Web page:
As they await an official cause of death, friends of former Bucs star Vincent Jackson are struggling with more questions than answers.
About how he ended up at an extended-stay hotel.
Why he didn’t reach out to them.
And what kind of pain he was in.
For Adam Itzkowitz, who co-owned Cask Social Kitchen in Tampa with Jackson, it’s all a mystery.
He’s haunted by so much sorrow imagining Jackson at that Brandon Homewood Suites, day in and day out, not responding to attempts to reach him. All alone.
“It’s hard for me to think about it because of that. That solitude at the end,” he said. “And mentally, you almost need that closure, because you look around and think, was there anything that I could’ve done to stop that?”
How could the 6-foot-5, 230-pound Jackson, so visible in his post-career life as a businessman and philanthropist, vanish in plain view?
Building a legacy
Jackson was meticulously prepared for his football afterlife. After an NFL career that spanned 12 seasons, the three-time Pro Bowl receiver charged into retirement from the league with multiple business interests.
His parents, Terence and Sherry, each served in the U.S. Army, and Jackson demonstrated his passion for philanthropy with his Jackson in Action 83 Foundation that focused on military families.
He started his primary business venture, CTV Capital, while he was still playing in 2012. A real estate and development company, it offers construction, property management and insurance.
Jackson told business partner Mario Farias that he could have continued his career after his five-year, $55.5 million contract with the Bucs expired following the 2016 season. But unlike many players, he decided to walk away while he still could, rather than limp away from a sport that can be unforgiving to the human body.
“He said, ‘I’ve got plenty of money. But the most important thing is, I like waking up and playing with my kids,’” said Farias, who had recently been working with Jackson on the renovation of the landmark Manhattan Casino in St. Petersburg. “If I take more beatings, I’m not going to be able to do that.”
Jackson and his wife, Lindsey, have four children. She is a first-grade teacher at Berkeley Preparatory School in Tampa.
But the couple, married since 2011, had been separated for months.
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Itzkowitz, who got his law degree at Stetson in Gulfport, met Jackson through a mutual friend a few years before he stopped playing for the Bucs.
Though the two also invested in Dockside at Riviera Dunes, a waterfront restaurant in Palmetto, Cask Social Kitchen was “always his baby,” Itzkowitz said.
The motto is Eat. Drink. Be Social.
Although his name or likeness appears nowhere, Jackson’s fingerprints are on every facet of the restaurant. It includes the menu, described as “American fare with a Southern twist.”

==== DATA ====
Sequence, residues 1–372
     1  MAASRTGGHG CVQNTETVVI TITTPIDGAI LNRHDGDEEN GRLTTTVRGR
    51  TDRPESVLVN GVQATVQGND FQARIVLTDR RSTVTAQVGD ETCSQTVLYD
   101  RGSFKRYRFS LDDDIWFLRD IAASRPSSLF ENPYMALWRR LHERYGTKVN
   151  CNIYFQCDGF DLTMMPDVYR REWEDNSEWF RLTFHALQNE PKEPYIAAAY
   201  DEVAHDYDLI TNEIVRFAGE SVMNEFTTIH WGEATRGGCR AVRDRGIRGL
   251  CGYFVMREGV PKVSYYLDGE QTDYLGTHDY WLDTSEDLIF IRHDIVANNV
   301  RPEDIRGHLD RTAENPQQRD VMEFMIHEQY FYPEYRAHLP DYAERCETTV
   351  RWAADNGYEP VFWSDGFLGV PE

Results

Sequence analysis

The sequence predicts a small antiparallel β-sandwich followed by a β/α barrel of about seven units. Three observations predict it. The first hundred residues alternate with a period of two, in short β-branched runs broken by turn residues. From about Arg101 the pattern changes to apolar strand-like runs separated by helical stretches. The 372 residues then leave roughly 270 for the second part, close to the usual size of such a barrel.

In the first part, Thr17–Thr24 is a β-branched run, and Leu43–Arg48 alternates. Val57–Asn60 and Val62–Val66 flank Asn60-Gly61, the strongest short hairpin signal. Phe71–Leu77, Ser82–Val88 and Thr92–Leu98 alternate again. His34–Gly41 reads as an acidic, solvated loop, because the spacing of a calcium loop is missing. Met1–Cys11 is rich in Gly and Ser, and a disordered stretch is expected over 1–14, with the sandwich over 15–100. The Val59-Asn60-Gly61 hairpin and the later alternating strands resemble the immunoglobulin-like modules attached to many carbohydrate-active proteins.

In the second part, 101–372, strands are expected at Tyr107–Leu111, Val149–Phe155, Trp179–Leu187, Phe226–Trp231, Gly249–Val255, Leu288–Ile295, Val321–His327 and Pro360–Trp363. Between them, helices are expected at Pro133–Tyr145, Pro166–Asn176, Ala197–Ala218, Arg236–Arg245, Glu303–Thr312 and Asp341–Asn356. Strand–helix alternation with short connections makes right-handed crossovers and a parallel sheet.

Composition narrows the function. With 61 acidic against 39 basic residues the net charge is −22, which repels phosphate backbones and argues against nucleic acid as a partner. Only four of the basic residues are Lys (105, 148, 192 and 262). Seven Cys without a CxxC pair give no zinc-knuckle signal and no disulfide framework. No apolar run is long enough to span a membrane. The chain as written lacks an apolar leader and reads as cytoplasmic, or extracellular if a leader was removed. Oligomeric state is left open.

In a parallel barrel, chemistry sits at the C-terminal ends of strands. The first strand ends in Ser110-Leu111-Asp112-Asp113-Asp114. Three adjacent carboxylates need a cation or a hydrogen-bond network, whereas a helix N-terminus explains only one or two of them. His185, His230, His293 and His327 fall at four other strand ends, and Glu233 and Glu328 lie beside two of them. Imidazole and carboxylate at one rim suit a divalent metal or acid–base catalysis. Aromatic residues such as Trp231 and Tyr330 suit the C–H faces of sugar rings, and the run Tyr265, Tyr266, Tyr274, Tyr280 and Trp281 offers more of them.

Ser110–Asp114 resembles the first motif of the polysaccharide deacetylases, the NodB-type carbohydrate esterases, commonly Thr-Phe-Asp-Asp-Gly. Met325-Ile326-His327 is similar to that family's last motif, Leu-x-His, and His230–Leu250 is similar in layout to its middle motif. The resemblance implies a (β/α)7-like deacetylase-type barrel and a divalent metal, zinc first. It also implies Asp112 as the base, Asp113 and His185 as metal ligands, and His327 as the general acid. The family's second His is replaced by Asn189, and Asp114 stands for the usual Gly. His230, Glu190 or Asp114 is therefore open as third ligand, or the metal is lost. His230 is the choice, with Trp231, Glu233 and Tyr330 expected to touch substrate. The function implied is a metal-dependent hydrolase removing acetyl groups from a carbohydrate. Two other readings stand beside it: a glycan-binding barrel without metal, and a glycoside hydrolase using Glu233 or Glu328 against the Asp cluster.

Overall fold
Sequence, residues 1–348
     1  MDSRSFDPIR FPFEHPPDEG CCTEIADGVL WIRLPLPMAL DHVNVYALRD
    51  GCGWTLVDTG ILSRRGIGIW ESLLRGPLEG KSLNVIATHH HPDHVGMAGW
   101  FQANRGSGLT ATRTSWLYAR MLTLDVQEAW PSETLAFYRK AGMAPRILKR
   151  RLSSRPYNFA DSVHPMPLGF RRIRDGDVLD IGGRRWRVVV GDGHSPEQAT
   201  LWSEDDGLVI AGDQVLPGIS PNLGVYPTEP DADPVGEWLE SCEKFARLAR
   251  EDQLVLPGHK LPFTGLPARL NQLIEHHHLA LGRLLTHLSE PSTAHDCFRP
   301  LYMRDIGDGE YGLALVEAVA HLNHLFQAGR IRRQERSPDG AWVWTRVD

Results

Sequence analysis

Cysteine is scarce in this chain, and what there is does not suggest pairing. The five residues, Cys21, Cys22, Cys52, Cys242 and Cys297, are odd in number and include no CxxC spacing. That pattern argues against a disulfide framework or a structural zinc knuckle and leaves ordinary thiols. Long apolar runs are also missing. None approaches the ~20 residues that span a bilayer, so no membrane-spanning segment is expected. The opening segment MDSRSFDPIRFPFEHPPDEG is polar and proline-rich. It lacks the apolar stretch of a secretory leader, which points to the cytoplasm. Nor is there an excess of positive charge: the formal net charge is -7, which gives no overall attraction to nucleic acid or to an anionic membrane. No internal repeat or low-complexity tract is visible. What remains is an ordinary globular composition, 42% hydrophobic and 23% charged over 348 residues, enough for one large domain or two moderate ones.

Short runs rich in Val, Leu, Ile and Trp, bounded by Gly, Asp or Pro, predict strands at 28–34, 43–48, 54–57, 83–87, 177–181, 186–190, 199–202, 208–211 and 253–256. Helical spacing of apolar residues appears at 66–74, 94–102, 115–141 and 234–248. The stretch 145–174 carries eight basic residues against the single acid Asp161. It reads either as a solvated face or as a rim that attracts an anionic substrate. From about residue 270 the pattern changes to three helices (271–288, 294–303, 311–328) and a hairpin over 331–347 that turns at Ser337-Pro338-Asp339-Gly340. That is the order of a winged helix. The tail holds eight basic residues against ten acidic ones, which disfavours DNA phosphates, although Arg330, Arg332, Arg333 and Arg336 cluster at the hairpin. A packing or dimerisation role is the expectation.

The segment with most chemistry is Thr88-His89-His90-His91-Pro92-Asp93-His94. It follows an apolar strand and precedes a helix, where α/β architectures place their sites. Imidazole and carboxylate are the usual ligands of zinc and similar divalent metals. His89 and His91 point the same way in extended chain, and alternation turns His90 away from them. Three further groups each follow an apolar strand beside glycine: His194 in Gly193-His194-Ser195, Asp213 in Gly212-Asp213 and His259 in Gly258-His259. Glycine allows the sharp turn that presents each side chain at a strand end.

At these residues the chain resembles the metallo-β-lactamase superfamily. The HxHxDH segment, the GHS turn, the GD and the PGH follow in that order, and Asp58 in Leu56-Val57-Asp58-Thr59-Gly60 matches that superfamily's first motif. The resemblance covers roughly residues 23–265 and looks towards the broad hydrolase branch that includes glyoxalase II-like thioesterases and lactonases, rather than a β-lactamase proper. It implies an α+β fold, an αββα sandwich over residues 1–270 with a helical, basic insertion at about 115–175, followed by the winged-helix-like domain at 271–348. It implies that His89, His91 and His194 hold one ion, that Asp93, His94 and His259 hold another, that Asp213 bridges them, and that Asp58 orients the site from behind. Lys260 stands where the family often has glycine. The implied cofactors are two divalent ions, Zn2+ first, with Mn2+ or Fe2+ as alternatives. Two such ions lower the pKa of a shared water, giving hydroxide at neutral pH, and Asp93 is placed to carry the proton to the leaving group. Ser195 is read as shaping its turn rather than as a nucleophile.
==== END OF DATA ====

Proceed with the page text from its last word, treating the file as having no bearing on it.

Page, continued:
“He obviously was the financial piece of the build-out, but he was the brains. He gave me the vision for what he wanted executed from there,” Itzkowitz said.
Jackson was deeply engaged, from tasting dishes before they left the kitchen to interviewing restaurant managers, Itzkowitz said.
But Jackson didn’t want Cask to be known as Vincent Jackson’s restaurant. It would have to survive on its own merit. Consequently, other than a framed American flag that flew over Bagram Airfield in Afghanistan dedicated to Jackson, you wouldn’t find any mention of its famous owner there.
The confounding thing to his business partners is that Jackson was always an eternal optimist. If the restaurant had a bad week? Tweak the menu. If they had a bad quarter? We’ll get them next month.
Football analogies were often referenced. “We’re right at the goal line,” Jackson would say. “We’ve just got to brush ourselves off.”
In fact, when an employee at Cask Social Kitchen came into contact with someone who may have had the coronavirus, Jackson shut it down as a precaution — at enormous cost and against the advice of Itzkowitz. Jackson believed it was the right thing to do.
When they opened the restaurant, Itzkowitz insisted on having one of Jackson’s popular sayings anonymously engraved on a beam beneath the loft: “Onwards & Upwards.”
Jackson even mentored some of the Bucs’ young players, such as former quarterback Jameis Winston, about managing life after football.
The first time Farias met Jackson at a coffee shop to discuss possible business opportunities, he was impressed by Jackson’s humility.
“You see this guy, he’s a football player, but you look at him and he looks like a movie star,” Farias said.
“He said, ‘I don’t know what we’re going to do, but we’re going to become partners. I worked hard my whole life, and now I’m at the point where you get to build legacy.’ And this man was a living legacy.”
Farias said he was on a Zoom call with Jackson the Thursday before he died to discuss efforts to reopen the casino hall in south St. Petersburg in two weeks. Jackson was still fully invested in his business dealings, making his death even more of a shock.
“One of the things that hurt the most was to find out that he was suffering, for whatever reason, and never reached out to any of us,” he said. “None of us. We all were sort of amazed. I would’ve brought his ass right home. I’d do anything.”
Did alcohol play a role?
By any measure, Jackson’s athletic and academic achievements are remarkable.
He was a straight-A student in high school who majored in business at Northern Colorado. A two-sport star for the Bears, he set the school’s receiving records and led the basketball team in scoring for two years.
Drafted by the Chargers in the second round in 2005, he overcame an injury-filled rookie year to become their go-to receiver. Twice he was named to the Pro Bowl in San Diego — in 2009 and 2011. He reached the NFL’s all-star game again in 2012, his first season with the Bucs when he had a career-high 1,384 yards and eight touchdowns. He led the NFL with 19.2 yards per catch.